After being wrongfully convicted for the death of 11-year-old Sabrina Buie, spending more than 30 years in jail, and then waiting 266 days more for a pardon, Henry McCollum and Leon Brown are finally and fully free men.
At a press conference held an hour ago (to which Policy Watch was denied access), Gov. Pat McCrory announced that he was granting pardons of innocence to both men.
Here’s what the governor had to say in his press release:
“Today, I announce that I am granting pardons of innocence to Henry McCollum and Leon Brown.
“As with all pardons of innocence, both pardon applications for Mr. McCollum and Mr. Brown were thoroughly reviewed by the Office of Executive Clemency, my legal team, and the Clemency Committee.
“Many individuals were contacted and interviewed, and I met personally with Mr. McCollum and Mr. Brown.
“It is difficult for anyone to know for certain what happened the night of Sabrina Buie’s murder. My deepest sympathies go out to the family of Sabrina Buie for what they have endured.
“I know there are differing opinions about this case and who is responsible. This has been a comprehensive and thoughtful process during the past nine months. Based on the available evidence I’ve reviewed, I am granting pardons of innocence to Henry McCollum and Leon Brown. It’s the right thing to do.”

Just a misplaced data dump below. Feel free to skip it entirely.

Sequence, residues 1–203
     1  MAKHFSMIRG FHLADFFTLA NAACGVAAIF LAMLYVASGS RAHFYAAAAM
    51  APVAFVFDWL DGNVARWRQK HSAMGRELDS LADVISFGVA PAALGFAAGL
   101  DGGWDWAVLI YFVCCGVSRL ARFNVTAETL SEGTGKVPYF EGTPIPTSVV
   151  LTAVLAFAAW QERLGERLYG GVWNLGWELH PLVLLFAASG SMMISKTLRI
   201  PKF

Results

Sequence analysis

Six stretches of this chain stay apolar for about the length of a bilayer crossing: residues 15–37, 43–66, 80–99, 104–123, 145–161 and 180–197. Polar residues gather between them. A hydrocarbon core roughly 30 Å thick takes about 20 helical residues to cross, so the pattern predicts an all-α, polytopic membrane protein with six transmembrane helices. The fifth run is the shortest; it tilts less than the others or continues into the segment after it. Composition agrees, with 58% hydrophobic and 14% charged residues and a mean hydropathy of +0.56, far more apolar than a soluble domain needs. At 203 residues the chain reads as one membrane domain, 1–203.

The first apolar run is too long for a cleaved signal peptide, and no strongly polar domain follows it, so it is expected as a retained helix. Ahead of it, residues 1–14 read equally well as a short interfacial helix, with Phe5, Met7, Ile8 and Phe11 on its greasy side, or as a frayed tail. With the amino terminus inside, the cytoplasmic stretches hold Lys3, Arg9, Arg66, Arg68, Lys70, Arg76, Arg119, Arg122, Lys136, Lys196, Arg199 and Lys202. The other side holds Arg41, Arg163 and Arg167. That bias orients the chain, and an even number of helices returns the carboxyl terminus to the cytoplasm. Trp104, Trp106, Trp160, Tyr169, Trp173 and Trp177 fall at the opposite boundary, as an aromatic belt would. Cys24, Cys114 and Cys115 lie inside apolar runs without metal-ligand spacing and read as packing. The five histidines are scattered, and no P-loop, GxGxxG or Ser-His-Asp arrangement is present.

The men were exonerated by Superior Court Judge Douglas B. Sasser and ordered released in September 2014, years after a cigarette butt found at the crime scene implicated someone else as the murderer.
They left prison with $45 from the state in their pockets, led to believe that by law they were entitled to, and would soon get, additional compensation for the loss of 31 years of freedom.
Both filed requests for pardons — needed before they could get that compensation — on September 11, 2014, and have been waiting for the governor to act ever since.
“We’re very happy that the governor has done the right thing and granted pardons of innocence,” said Ken Rose, an attorney with the Center for Death Penalty Litigation who represented the men through their exoneration.
“He’s now joined the consensus of nearly everyone who’s looked at this case that Mr. Mccollum and Mr. Brown are innocent. This is one step for them to restart their lives, but it’s still going to be a long journey and a long fight for them to regroup and begin their lives again.
Rose also called on the governor to “to take the next step and halt all executions officially.”
“It’s just fortuitous that McCollum, having been on death row, was exonerated because of a cigarette butt that the real killer happened to leave at the scene of the crime. Had that not happened, he would still be on death row; he would still be under threat of execution. The only way to stop that from happening to innocent people is to stop executions.”
Vernetta Alston, an attorney from the Center who worked with Rose to get the men released, echoed those sentiments.
“I’m thrilled for Henry and Leon, that this has finally come through,” she said. “They’ve been waiting nine, almost ten long months. We’re happy that the governor has confirmed what we all know, that Henry and Leon are innocent. This solidifies what I think is now the governor’s obligation, to issue a formal moratorium on executions in the state.”